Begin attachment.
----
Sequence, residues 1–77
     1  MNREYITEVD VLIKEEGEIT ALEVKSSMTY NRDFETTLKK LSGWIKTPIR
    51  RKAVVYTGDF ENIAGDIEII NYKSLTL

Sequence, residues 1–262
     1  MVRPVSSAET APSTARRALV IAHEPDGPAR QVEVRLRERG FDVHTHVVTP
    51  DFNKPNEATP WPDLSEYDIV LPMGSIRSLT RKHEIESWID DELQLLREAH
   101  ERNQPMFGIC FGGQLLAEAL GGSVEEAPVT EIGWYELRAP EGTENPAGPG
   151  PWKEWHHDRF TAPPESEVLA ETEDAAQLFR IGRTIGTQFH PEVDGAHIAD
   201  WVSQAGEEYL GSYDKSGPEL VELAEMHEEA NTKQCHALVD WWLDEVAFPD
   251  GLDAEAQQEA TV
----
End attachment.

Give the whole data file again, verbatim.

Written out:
Sequence, residues 1–77
     1  MNREYITEVD VLIKEEGEIT ALEVKSSMTY NRDFETTLKK LSGWIKTPIR
    51  RKAVVYTGDF ENIAGDIEII NYKSLTL

Sequence, residues 1–262
     1  MVRPVSSAET APSTARRALV IAHEPDGPAR QVEVRLRERG FDVHTHVVTP
    51  DFNKPNEATP WPDLSEYDIV LPMGSIRSLT RKHEIESWID DELQLLREAH
   101  ERNQPMFGIC FGGQLLAEAL GGSVEEAPVT EIGWYELRAP EGTENPAGPG
   151  PWKEWHHDRF TAPPESEVLA ETEDAAQLFR IGRTIGTQFH PEVDGAHIAD
   201  WVSQAGEEYL GSYDKSGPEL VELAEMHEEA NTKQCHALVD WWLDEVAFPD
   251  GLDAEAQQEA TV